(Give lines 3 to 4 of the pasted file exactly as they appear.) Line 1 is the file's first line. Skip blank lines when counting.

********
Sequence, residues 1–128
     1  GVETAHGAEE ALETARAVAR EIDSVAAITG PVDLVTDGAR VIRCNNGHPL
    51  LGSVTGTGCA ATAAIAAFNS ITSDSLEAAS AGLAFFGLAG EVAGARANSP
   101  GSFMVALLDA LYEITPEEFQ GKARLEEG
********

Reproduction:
    51  LGSVTGTGCA ATAAIAAFNS ITSDSLEAAS AGLAFFGLAG EVAGARANSP
   101  GSFMVALLDA LYEITPEEFQ GKARLEEG